Signs & Symptoms of Improper Spark Plug Gapby Chris Stevenson
Automobile vehicles use spark plugs to ignite the air-fuel mixture inside the cylinder for the purpose of combustion. A spark plug has a relatively simple construction and is nearly maintenance-free, except for the adjustment (gap) of its electrode and periodic cleaning or replacement. Setting the gap on the spark plug electrode determines the voltage length and duration of the spark. A spark plug that has an improper gap will show certain signs and symptoms.
Spark Plug Construction
The basic construction of a spark plug uses an upper contact tip that receives voltage from the ignition system through a spark plug wire. The tip continues down as the center electrode through an insulated core composed of a ceramic housing, usually made of porcelain. The spark plug also has a steel jacket, which allows the threaded end of the plug to be torqued into the cylinder head. The center electrode ends in a gold or palladium nipple-like tip. A copper core ground electrode that serves as a ground strap, either straight or tapered, arches over the tip to provide a gap. A high voltage spark jumps the gap, producing ignition fire.
Spark Plug Specifications
Spark plug specifications, which include type, heat range and gap, will be found in the owner's repair manual. Heat range indicates the length of time needed for heat to be drawn away from the plug tip. The gap, the distance between the "Hot" and "Ground" electrode points, is set and listed by the manufacturer for optimum performance. The gap measurement will be indicated in thousandths of a inch. For example, a typical plug gap is 0.035, or thirty-five thousandths of an inch. Spark plugs generally produce 10,000 to 30,000 volts of arc between the electrode points.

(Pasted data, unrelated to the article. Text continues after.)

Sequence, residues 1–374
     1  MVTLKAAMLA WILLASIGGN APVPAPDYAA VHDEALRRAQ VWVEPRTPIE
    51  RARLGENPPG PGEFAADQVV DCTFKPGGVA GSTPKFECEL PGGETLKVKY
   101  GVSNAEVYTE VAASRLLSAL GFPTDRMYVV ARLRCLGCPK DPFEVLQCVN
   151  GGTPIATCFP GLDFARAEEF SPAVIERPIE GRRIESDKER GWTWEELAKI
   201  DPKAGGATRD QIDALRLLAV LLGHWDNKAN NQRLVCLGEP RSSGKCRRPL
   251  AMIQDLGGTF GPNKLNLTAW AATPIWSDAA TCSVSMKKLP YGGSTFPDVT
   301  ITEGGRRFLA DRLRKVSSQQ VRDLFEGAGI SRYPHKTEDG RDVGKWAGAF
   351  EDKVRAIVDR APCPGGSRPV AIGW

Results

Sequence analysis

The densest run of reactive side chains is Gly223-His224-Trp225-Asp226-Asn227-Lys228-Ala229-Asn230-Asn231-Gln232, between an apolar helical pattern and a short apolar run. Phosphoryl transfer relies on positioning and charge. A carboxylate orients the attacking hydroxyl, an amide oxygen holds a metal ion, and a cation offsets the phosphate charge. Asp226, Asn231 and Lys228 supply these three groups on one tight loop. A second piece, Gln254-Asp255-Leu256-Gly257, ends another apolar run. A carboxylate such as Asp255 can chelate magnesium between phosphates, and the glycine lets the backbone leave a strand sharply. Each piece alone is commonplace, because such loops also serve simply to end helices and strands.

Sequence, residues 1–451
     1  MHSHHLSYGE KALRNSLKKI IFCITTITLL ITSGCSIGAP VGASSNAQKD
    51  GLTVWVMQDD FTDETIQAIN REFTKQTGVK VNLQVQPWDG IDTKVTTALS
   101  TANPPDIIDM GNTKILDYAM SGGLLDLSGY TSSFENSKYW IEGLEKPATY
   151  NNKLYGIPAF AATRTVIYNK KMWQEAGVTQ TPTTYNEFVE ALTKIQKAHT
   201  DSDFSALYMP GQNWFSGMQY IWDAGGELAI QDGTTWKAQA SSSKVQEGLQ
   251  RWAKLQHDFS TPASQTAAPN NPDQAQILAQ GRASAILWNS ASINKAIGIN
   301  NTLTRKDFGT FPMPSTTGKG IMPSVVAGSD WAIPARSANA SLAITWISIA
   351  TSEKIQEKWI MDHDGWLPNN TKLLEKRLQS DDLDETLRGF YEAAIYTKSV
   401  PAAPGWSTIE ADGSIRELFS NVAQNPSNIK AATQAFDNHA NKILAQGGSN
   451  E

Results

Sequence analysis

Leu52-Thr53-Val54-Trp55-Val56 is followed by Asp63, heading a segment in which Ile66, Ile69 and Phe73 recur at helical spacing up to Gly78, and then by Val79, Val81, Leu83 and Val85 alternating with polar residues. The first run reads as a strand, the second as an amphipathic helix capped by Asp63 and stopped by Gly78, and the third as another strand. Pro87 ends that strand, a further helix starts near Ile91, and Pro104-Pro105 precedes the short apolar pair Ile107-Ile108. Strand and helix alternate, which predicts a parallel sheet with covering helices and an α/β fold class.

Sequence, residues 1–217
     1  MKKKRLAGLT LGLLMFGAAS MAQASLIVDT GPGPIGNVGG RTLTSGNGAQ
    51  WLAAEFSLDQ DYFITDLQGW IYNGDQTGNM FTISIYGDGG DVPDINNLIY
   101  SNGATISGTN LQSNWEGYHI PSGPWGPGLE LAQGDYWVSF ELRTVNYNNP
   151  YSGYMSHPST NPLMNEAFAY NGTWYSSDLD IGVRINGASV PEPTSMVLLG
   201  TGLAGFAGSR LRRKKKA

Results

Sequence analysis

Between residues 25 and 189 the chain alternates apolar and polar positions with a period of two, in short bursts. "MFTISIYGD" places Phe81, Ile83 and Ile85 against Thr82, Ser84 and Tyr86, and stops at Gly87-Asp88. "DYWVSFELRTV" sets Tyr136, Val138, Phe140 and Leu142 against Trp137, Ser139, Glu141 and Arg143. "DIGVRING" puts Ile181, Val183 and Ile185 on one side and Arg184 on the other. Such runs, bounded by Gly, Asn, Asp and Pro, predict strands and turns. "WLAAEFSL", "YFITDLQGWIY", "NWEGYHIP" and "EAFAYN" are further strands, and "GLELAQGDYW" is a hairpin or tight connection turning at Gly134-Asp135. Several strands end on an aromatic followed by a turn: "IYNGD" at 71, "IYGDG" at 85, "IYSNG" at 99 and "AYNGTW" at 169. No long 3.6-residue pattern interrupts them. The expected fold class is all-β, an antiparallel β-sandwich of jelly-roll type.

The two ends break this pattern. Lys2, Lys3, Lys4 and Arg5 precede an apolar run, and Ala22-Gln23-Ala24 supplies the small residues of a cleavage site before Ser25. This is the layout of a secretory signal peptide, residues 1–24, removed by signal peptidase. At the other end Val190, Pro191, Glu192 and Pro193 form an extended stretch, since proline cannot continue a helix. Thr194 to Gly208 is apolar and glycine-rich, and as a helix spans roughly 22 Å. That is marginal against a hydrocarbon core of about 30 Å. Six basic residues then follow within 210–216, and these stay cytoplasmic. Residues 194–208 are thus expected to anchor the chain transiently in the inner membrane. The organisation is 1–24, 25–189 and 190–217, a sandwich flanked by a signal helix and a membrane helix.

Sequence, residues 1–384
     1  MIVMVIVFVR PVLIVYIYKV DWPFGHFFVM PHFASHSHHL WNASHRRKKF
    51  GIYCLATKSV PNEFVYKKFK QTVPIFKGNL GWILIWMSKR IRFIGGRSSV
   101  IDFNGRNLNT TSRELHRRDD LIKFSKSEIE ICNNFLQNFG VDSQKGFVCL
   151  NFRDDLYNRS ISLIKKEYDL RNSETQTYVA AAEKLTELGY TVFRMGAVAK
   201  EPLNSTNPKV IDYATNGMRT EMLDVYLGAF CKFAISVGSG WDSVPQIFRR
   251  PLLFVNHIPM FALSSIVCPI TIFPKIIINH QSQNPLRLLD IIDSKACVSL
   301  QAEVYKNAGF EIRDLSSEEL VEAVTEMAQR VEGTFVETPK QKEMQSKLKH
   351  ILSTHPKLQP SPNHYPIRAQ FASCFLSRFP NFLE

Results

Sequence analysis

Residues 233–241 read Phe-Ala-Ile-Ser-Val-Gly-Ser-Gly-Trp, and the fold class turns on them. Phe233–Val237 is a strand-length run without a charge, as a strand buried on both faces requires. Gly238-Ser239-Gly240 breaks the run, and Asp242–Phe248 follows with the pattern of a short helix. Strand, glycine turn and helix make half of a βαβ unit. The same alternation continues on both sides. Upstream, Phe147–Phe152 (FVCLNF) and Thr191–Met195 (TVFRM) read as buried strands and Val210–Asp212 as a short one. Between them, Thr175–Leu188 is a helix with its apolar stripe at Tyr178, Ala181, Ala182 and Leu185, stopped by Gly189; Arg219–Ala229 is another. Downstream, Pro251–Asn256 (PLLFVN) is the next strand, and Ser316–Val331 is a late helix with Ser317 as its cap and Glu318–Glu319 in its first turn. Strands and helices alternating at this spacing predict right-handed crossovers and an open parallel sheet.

Spark Plug Gap Tools
Several tools are available to gap spark plugs. Feeler gauge blades, sliding bevel, wire type and pliers tools exist to gauge and set the distance between the electrode contact points. Reducing the spark plug gap is accomplished by tapping down the outer ground electrode with a small hammering tool, or prying it open with a thin blade, so that an accurate gap can be set with a spark plug tool.
Spark Plug -- Narrow Gap
When the spark plug gap is too narrow, or under specifications, the amount of room needed for the air-fuel mixture between the hot tip and the ground strap is decreased. The duration of the spark has less travel distance, thus not remaining hot enough with sufficient charge to ignite the air-fuel mixture. The symptoms of narrow gap include a noticeable (continuous) cylinder miss, hard starting if all the plugs have narrow gaps, rough idle and engine hesitation. A spark plug that does not fire, resulting from a narrow gap, will appear black or wet when inspected. The black or wet appearance indicates unburned fuel.
Excessive Spark Plug Gap
Excessive spark plug gap results when the voltage has too far to travel. The increased length of the spark travel weakens it, robbing it of the hot, strong ignition charge it needs to fire the plug. Excessive plug gap also results in cylinder misfiring, a possible no-start condition, wet, black or fouled plugs, engine hesitation and rough idle. Excessive spark plug gap also happens as result of normal electrode wear and age.
Non-Gap Spark Plugs
Some of the newer, high-performance spark plugs, like the Champion E3, have modified ground straps that produce multiple spark pathways that ensure even fire all around the firing tip. These types of spark plugs cannot be adjusted.
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